Sunday, February 8, 2015

Henri Bergson on Nouns and Verbs

It seems to have been about a year since my last riff on the need to distinguish between noun-based and verb-based thinking when distinguishing between music as an artifact, usually in the form of some system of marks on paper, and music as the result of some act of performance. I remember that at one point, during that interval, I found myself in casual conversation with two members of a string quartet, telling them that people who worked in professions such as science, engineering, finance, and business management all tended to constrain their thinking to nouns and adjectives, partly because so much of their work had become driven by databases that could only allow for structures based on noun phrases, while those who performed music distinguished themselves by living in a world of verbs. Because such thoughts never leave me, I often seek out other writers who have based their work on a similar perspective.

That is probably one reason why I finally decided to spend some time reading Henri Bergson. I have now progressed to the final chapter of Creative Evolution, Arthur Mitchell's English translation, the book that led to Bergson receiving the Nobel Prize for Literature in 1927. As the title suggests, Bergson approaches evolution more as an ongoing creative act, rather in terms of those artifacts that emerge that process. The book does not make for easy reading. His paragraphs often stretch out across several pages, and it is not always easy to parse them down into individual elements of the argument he is trying to make. However, every now and then, the verbiage distills down to a more manageable brevity, as with the following passage:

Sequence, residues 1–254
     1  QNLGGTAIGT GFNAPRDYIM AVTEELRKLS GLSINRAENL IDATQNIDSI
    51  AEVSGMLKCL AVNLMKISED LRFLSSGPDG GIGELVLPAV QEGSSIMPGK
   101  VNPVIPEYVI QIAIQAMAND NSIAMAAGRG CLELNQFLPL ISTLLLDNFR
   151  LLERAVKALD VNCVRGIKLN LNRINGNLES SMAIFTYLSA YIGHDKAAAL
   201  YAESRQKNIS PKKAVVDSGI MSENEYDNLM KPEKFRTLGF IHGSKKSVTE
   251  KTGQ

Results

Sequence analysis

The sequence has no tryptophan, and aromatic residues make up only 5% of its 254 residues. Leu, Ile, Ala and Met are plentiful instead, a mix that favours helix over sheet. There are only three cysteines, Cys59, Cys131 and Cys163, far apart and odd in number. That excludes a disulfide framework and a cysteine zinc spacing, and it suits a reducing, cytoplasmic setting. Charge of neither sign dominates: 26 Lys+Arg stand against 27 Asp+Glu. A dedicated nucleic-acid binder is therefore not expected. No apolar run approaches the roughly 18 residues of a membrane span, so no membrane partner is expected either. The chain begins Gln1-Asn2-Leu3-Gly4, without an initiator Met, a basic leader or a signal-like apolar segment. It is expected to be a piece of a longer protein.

But things and states are only views, taken by our mind, of becoming. There are no things, there are only actions. More particularly, if I consider the world in which we live, I find that the automatic and strictly determined evolution of this well-knit whole is action which is unmaking itself, and that the unforeseen forms which life cuts out in it, forms capable of being themselves prolonged into unforeseen movements, represent the action that is making itself.
This is still a bit unwieldy; but there is something rather exciting about the possibility that Ludwig Wittgenstein's "world as I found it" can be reduced to the "unmaking" of an ongoing evolutionary process. Bergson may not have registered very strongly in Wittgenstein's Vienna; but his influence seems to have reached into the work of Martin Heidegger and then moved on to Jean-Paul Sartre. Unless I am mistaken, Albert Einstein also found him fascinating reading.

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